Chicken Stew for the Soul
Photo by Anne Fishbein
Ethiopia’s bread, injera, is notoriously difficult to make, a thin, floppy sheet that is as big as a yard sail and as tart as lemons. There are recipes for Ethiopian stews whose lists of ingredients stretch on for more than a printed page for the spices alone. But the telling dish in most Ethiopian restaurants, and among most Ethiopian cooks, seems to be the ubiquitous doro wot, a dense chicken stew, complex as a Oaxacan mole, rich as butter, whose flavor seems to cut right to the Ethiopian soul.
A doro wot can take anywhere from an afternoon to three days to prepare, onions slowly cooking down into a jam, spices blending, two dozen strong-flavored ingredients subsuming their sharp notes into a mellow if peppery whole, berbere melting into cardamom, into the edgy sweetness of simmered honey wine. A great doro wot has an undeniable presence, a resonance that is apparent even if you have never tasted Ethiopian cooking before, in the way that even a single chord of Bruckner played by the Los Angeles Philharmonic sounds better than the same chord played by the Seattle Symphony. An Ethiopian friend, Elias, told me that his mother warned him never to eat doro wot anywhere but at home, and he said that it was one of the best pieces of advice anybody had ever given him.
The doro wot Elias ate at his mother’s table was presumably better than anything it is possible to get outside of Africa, where even if the same ingredients were available, they would exist in a different context, like a novel read in the original instead of in translation. But the doro wot at Meals by Genet, on Fairfax Avenue’s Little Ethiopia strip, is a serious doro wot, vibrating with what must be ginger and black pepper and bishop’s weed and clove, but tasting of none of them, as sticky and dense as any French chef’s demiglace, so formidably solid that the chicken, which is well-cooked, becomes just another ingredient in the sauce.
It is commonly held that the restaurants in the Little Ethiopia neighborhood are more or less alike. Most of them feature the same half-dozen dishes, buy their injera from the same bakery and serve their multicourse feasts on huge metal trays. The music migrates from restaurant to restaurant. The smell of incense does too. But Nyala, which seems to be the groovy Ethiopian restaurant, sports DJs and late-night jams and an antelope-heavy decorating scheme that looks like a cross between an early-’50s supper club and a post-college apartment; and Merkato, which is grungier, appears to be the restaurant where Ethiopians themselves go for a casual meal. Messob is studious, self-consciously exotic, with its coffee ceremony, its namesake low tables and its very good food. I haven’t visited Rosalind’s much since it changed over to an Ethiopian menu from a West African one, but I remember a mellow, post–Peace Corps vibe.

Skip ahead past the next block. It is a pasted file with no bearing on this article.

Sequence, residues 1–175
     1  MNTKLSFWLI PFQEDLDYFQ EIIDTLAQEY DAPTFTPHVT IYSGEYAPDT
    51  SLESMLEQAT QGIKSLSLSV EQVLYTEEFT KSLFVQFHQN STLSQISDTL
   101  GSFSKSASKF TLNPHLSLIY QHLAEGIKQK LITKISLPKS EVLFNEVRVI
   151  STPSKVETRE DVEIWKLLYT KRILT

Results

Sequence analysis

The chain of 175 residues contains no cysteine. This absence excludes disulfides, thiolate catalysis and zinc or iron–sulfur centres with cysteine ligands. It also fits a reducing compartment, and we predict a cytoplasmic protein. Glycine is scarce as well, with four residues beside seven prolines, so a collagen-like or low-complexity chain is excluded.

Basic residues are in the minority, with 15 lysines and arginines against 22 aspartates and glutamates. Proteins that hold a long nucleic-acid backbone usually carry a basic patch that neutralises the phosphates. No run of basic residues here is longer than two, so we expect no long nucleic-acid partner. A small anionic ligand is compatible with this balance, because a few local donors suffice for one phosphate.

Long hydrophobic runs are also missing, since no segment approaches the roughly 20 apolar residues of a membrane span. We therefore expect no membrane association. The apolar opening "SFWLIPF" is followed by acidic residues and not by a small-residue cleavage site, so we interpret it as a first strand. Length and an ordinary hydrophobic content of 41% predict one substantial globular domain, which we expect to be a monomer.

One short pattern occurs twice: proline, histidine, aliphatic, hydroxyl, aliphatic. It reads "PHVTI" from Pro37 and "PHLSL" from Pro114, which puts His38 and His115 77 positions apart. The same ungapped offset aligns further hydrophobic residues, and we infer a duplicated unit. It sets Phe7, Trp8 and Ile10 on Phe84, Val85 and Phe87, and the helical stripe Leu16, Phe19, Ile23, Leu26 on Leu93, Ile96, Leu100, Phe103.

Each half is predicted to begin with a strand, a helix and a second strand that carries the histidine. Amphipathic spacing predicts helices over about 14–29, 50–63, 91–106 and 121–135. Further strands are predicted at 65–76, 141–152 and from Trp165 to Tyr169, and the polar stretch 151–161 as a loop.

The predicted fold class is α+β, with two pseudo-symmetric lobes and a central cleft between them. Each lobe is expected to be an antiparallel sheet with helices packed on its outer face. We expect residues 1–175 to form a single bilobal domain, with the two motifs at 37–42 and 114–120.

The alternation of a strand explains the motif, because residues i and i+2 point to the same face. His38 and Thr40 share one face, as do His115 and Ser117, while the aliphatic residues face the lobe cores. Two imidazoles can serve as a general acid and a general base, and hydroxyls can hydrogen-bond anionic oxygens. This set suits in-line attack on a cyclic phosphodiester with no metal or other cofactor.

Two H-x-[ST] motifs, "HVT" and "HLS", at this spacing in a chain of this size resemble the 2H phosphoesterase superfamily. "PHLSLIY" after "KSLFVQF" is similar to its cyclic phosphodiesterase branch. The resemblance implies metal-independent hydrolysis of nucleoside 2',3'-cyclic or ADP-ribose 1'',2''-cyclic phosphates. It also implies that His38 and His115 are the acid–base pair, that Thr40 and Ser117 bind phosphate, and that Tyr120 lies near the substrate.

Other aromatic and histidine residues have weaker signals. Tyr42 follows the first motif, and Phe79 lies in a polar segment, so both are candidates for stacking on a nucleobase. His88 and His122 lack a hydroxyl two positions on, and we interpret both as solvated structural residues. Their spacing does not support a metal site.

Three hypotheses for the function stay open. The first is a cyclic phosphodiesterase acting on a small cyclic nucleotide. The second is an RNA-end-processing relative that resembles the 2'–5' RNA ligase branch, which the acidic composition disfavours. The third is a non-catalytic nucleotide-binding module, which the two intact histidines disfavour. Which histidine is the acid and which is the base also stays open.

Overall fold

By contrast, Meals by Genet is more or less an Ethiopian bistro, which is to say a homey, soft-lit dining room that looks at least as French as it does African, with music as likely to be soft jazz as Afropop, and skinny ladderback chairs that are probably Ethiopian in design, but Ethiopian by way of Architectural Digest, if you know what I mean. The menu is short: crisp-skinned fried trout, half a dozen stews, and Genet Agonafer’s delicious version of kitfo, a dish of minced raw beef tossed with warm, spiced butter, as well as a few of the requisite Italian entrées. There is a modest list of wines, some of which even go pretty well with the restaurant’s highly spiced food. In Agonafer, the restaurant also has the most identifiable chef in Little Ethiopia, and her cooking has a delicacy, a refinement, that may not always be evident in the spicy party food at other restaurants in the neighborhood.
The foul, an Arab-inspired fava-bean dish that is likely to be the only appetizer you are offered, is puréed to the rough, stiff consistency of refried beans, garnished with sour cream, minced onion and hot peppers, and chopped tomato laid out atop the beans like a multicolored pinwheel, and served with a little dish of a fiery spiced red-pepper powder called mit’mit’a, which you mix in to taste. Each spoonful is subtly different from the last, some glowing with heat, some sharp and acerbic, some fresh and juicy. There is a lot of pleasure here for what is essentially a few grams of beans.
No matter how many of you there are, dinner is served on a big communal platter paved with injera. The big, round platter will probably be marked with little mounds of vegetables from the vegetarian combination — subtly curried yellow beans, perhaps, collard greens cooked with Ethiopian cottage cheese, spiced lentils, split peas with hot Ethiopian mustard, any number of things — as well as (if you have ordered them) a mound of gingery lamb hidden under an injera shroud, the mild green-chile stew tibs made with beef, chicken or tofu, or the doro wot.
When you taste Agonafer’s doro wot, you will want to throw rocks at other people’s doro wot. When Agonafer comes out of the kitchen dressed in whites as immaculate as a surgeon’s, she is modest, allowing only that the stew takes her two days to prepare, but if you made doro wot like that, you could afford to be modest about it too.
Meals by Genet, 1053 S. Fairfax Ave.; (323) 938-9304, www.mealsbygenet.com. Lunch and dinner Wed.–Sun. 11:30 a.m.–10 p.m. Beer and wine. Catering. Street parking. MC, V. Dinner for two, food only, $19–$27.
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